NEW YORK ( TheStreet) -- One thing I've learned on this financial beat, which I failed to understand at my previous job with ZDNet, is that heat is not always evidence of light.
A good, loud argument, about software or stocks, is not always evidence of progress. It may be evidence of resistance. I've written about this
, speculating that loud, active comment threads about a stock may indicate trouble for the stock in question. But it goes further than that.
Sometimes silence can be golden for investors. I'm going to offer some examples of stocks that have been rising in silence, that the crowd doesn't care about, stocks you might consider as presents under your virtual Christmas tree.
The first is
(NWSA - Get Report)
. I'm a Democrat but I've been pounding the table for NWSA
for a year now
. The shares are up 43% so far this year, but when I write about them I feel like I'm writing to myself.
What's happening here is important. As
Time noted recently
, NWSA is going to become two companies. News Corp. will retain the newspapers while a new Fox Corp. will take the entertainment assets. The papers, along with the book publishing and education businesses, will be under Robert Thomson, while Rupert Murdoch himself will lead Fox.
Newspapers are a dying industry, but media monopoly is alive and well in film. The other big studios --
(DIS - Get Report)
(CMCSA - Get Report)
, the last of which owns the bigger half of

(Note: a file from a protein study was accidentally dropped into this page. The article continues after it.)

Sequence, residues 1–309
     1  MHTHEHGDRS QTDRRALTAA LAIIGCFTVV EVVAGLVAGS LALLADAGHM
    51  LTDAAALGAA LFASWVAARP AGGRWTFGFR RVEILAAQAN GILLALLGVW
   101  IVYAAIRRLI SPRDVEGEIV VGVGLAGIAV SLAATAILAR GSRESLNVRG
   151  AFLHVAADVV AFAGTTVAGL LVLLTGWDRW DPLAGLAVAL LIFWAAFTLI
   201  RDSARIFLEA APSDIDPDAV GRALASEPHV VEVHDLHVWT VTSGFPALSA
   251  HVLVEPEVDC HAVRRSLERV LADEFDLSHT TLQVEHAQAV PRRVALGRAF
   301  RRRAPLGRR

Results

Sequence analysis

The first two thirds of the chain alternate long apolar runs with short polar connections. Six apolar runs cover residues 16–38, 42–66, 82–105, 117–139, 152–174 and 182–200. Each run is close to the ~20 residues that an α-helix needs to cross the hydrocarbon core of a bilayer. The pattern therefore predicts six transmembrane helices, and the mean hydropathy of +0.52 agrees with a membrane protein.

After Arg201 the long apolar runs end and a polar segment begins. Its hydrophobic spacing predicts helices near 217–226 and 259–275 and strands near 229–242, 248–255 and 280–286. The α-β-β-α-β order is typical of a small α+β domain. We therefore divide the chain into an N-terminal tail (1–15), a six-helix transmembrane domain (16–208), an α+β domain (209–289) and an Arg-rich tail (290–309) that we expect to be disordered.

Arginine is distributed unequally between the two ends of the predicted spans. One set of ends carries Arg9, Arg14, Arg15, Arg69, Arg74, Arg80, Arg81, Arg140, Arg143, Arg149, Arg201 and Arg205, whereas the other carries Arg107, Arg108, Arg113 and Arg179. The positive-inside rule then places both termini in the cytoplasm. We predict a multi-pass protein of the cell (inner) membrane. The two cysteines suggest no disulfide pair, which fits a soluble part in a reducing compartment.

-- are all vertically integrated, just like in the Golden Age of Hollywood.
They control the outlets where the product is shown, they pay themselves for it and they keep all that money in their pockets. It's a gold mine, and the new Fox could make things better by taking
, a satellite broadcaster whose takeover was halted by the phone-hacking scandals.
Now, those "tainted" assets will be part of News Corp., another company, leaving Fox free to finish its deal with BSkyB. The separation is brilliant for shareholders, for creating value.
(DAL - Get Report)
, up 35% since August. Airlines have been a horrible business, but the skies are clearing. Airlines can make money with long-haul routes, which keep planes in the air rather than on the ground.
Delta has gained cost visibility by buying a Philadelphia refinery to make its own jet fuel, and it's holding the line on prices while fuel costs drop. Just as important, it's making important moves to
expand its international operations
, which means more full planes going more long distances. But, again, no one wants to read that story.